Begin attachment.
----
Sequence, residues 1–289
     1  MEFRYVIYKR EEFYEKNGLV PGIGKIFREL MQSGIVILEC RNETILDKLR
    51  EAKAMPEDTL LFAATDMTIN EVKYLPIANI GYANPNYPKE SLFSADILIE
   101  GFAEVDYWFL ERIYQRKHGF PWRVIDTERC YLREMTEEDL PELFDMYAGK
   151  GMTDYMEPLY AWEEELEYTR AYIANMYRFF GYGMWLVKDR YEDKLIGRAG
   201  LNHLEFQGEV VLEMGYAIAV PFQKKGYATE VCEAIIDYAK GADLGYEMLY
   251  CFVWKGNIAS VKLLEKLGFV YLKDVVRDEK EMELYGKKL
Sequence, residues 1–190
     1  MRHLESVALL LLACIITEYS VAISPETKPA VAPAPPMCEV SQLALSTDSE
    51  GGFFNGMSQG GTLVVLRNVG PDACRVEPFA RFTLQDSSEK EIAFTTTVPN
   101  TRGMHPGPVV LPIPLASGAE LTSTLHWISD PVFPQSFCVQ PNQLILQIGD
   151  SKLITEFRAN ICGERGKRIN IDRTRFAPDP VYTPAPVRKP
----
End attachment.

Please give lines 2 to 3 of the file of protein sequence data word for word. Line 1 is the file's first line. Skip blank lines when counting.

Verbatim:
     1  MEFRYVIYKR EEFYEKNGLV PGIGKIFREL MQSGIVILEC RNETILDKLR
    51  EAKAMPEDTL LFAATDMTIN EVKYLPIANI GYANPNYPKE SLFSADILIE